With continued reference to the table in FIG. 4, when vehicle 100 is operating at a condition other than braking, such as accelerating, coasting, or when at a stop, hydraulic drive/charging system 102 will be turned off when a pressure within high pressure accumulator 138 drops below a certain level. This condition is indicated by proximity switch 284 generating a signal indicating the closing of accumulator 280, whereby the flow of pressurized fluid from accumulator 138 is prohibited. On the other hand, if a pressure within high pressure accumulator 138 is above the minimum level, operation of hydraulic drive/charging system 102 will be dependent on the charge level of battery 111. If, for example, battery 11 is partially charged and vehicle 100 is being operated under low torque acceleration, constant speed, coasting, or at stop, the battery charge mode of hydraulic drive/charging system 102 will be activated.

In the battery charge mode, swash-plate 216 is disposed at an angular inclination opposite that which existed when the unit was in the pumping mode (i.e., the swash-plate 216 goes “over-center” to a positive angular inclination). When pump-motor unit 217 is in the battery charge mode, swash-plate 216 is displaced such that flow through pump-motor unit 217 (from port A to port B) will cause the pump-motor unit to transmit torque to alternator shaft 211. By way of example only, the swash control valve 222 is constructed such that pressurized fluid can always flow from conduit 248 to conduit 223 (i.e., the pumping mode). However, only when mode pilot valve 236 receives an appropriate input signal to its solenoid is there an appropriate pilot signal to solenoid 238. The pilot signal assists in the opening of the poppet member of mode valve 232 to permit relatively unrestricted flow of high pressure fluid from high pressure accumulator 138 through the conduits 223, and then through conduit 248 to the port A (inlet port in motoring mode) of the pump-motor unit 217.

Energy stored within the high pressure fluid is transferred through pump-motor unit 217 to rotating shaft 206. The energy is transferred mechanically through gearing 227 to alternator shaft 211 when alternator clutch 209 is applied. The energy is then transferred to alternator 115 for charging battery 111.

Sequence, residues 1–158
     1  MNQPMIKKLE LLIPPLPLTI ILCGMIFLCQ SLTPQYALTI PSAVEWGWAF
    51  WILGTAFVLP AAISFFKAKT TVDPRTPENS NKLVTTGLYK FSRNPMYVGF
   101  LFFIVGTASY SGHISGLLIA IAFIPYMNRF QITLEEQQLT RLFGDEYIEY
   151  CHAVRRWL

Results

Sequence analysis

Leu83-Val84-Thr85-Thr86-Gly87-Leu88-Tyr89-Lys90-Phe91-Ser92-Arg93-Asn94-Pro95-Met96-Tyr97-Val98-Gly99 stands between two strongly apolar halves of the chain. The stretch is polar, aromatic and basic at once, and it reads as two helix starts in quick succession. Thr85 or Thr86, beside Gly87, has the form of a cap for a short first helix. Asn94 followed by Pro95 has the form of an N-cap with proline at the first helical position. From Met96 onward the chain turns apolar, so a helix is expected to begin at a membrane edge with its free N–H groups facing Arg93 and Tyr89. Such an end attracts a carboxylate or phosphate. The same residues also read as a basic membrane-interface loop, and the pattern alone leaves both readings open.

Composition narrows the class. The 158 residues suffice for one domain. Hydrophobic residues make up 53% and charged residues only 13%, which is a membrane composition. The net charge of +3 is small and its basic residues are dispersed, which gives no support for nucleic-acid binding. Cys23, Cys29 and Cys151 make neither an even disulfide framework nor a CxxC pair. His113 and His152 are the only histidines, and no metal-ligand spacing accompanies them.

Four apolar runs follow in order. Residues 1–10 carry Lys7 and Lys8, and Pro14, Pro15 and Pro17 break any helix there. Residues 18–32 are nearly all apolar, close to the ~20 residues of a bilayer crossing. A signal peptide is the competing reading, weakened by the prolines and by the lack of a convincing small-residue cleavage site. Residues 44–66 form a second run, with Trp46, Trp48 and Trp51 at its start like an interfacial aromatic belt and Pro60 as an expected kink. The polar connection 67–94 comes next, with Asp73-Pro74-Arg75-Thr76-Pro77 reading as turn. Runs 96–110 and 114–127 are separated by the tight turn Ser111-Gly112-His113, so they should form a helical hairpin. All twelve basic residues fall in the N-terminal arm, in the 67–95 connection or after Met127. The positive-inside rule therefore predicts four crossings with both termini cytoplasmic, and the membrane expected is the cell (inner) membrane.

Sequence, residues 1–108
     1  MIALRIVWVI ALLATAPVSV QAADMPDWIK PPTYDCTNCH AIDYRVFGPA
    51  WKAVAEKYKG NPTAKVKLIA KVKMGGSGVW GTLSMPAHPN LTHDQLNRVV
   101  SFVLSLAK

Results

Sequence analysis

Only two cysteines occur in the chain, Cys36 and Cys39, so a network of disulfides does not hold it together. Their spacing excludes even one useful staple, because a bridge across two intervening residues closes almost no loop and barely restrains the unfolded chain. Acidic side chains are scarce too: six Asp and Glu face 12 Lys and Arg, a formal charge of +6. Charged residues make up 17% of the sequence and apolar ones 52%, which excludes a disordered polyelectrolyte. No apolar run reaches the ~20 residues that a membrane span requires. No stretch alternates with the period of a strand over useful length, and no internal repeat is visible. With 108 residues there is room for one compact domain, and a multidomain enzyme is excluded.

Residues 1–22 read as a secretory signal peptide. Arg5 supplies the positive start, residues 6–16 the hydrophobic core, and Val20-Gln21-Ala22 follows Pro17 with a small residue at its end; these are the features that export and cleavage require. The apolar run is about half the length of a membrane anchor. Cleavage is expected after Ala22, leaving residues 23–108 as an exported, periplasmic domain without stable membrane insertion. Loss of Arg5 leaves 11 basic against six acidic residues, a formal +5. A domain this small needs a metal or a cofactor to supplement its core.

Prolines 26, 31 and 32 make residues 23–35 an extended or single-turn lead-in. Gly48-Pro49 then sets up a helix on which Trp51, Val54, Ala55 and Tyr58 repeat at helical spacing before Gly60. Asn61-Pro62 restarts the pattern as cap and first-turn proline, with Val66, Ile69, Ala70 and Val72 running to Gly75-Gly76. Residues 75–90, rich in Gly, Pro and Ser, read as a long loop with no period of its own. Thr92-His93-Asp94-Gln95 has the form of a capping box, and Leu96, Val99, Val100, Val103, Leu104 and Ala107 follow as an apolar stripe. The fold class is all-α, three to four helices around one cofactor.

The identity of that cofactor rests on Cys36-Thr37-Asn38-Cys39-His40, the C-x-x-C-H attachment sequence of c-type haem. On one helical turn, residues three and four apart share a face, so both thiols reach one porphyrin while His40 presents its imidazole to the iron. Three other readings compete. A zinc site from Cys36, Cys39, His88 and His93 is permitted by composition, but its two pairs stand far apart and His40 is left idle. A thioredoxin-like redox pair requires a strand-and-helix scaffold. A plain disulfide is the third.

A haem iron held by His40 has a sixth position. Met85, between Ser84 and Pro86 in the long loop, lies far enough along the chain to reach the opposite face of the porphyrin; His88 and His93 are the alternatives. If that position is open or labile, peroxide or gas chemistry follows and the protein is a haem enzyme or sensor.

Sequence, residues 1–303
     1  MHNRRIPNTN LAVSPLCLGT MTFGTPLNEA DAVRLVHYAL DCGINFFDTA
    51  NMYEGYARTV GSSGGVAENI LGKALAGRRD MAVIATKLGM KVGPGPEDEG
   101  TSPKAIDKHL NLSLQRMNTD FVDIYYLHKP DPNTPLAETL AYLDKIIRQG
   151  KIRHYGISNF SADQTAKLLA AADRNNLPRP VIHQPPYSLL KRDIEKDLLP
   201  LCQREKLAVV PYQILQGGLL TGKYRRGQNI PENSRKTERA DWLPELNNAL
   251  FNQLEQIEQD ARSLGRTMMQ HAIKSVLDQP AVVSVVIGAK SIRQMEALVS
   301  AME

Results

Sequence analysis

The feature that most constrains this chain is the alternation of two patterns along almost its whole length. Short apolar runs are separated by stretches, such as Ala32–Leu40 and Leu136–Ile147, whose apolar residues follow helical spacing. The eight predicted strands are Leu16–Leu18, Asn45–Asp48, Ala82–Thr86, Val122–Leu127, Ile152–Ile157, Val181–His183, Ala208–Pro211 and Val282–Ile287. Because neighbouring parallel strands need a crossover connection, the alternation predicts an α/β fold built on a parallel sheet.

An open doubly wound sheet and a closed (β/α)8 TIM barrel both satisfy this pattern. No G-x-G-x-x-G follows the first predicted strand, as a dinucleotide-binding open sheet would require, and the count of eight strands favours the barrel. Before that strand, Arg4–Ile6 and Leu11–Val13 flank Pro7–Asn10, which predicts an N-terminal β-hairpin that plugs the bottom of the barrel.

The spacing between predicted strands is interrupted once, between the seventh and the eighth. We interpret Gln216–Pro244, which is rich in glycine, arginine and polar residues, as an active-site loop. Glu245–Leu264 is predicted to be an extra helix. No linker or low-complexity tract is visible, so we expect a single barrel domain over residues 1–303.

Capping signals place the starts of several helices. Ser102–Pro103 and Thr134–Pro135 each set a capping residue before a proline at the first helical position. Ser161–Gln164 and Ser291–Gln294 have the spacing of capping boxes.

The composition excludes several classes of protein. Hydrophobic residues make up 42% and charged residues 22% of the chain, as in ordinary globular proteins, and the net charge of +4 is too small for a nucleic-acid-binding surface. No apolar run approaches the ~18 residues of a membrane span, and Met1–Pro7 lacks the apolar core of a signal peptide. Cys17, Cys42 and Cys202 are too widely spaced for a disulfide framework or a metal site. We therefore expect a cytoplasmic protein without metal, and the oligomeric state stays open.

The “low pressure” fluid exits pump-motor unit at port B into conduit 270. It then passes through charge by-pass valve assembly 262, which has been opened as opposed to its state during pumping, and into conduit 215, where it then goes through filter assembly 136 and into low pressure reservoir 134.

With further reference to the table in FIG. 4, if battery 111 is partially charged and vehicle 100 is operated under either moderate or high torque acceleration, the battery charge mode is deactivated and the motoring mode is activated. In the motoring mode, swash-plate 216 is disposed at an angular inclination opposite that which existed when the unit was in the pumping mode (i.e., the swash-plate 216 goes “over-center” to a positive angular inclination). When pump-motor unit 217 is in the motoring mode, swash-plate 216 is displaced such that flow through the pump-motor unit 217 (from port A to port B) will cause pump-motor unit to transmit torque to drive-line shaft 202, tending to drive intermediate shaft 202 of drive-line system 110 in a direction corresponding to the same forward movement in which the vehicle is already engaged. By way of example only, swash control valve 222 is constructed such that pressurized fluid can always flow from the conduit 248 to conduit 223 (i.e., the pumping mode). However, only when mode pilot valve 236 receives an appropriate input signal to its solenoid is there an appropriate pilot signal to solenoid 238. The pilot signal assists in the opening of the poppet member of mode valve 232 to permit relatively unrestricted flow of high pressure fluid from high pressure accumulator 138 through conduit 223, and then through conduit 248 to the port A (inlet port in motoring mode) of pump-motor unit 217.

Energy stored within the high pressure fluid is transferred through pump-motor unit 217 to rotating shaft 206. The energy is transferred mechanically through gearing 210 and to intermediate shaft 202 when drive clutch 208 is applied. The energy is then transferred along drive-line system 110 to wheels 104.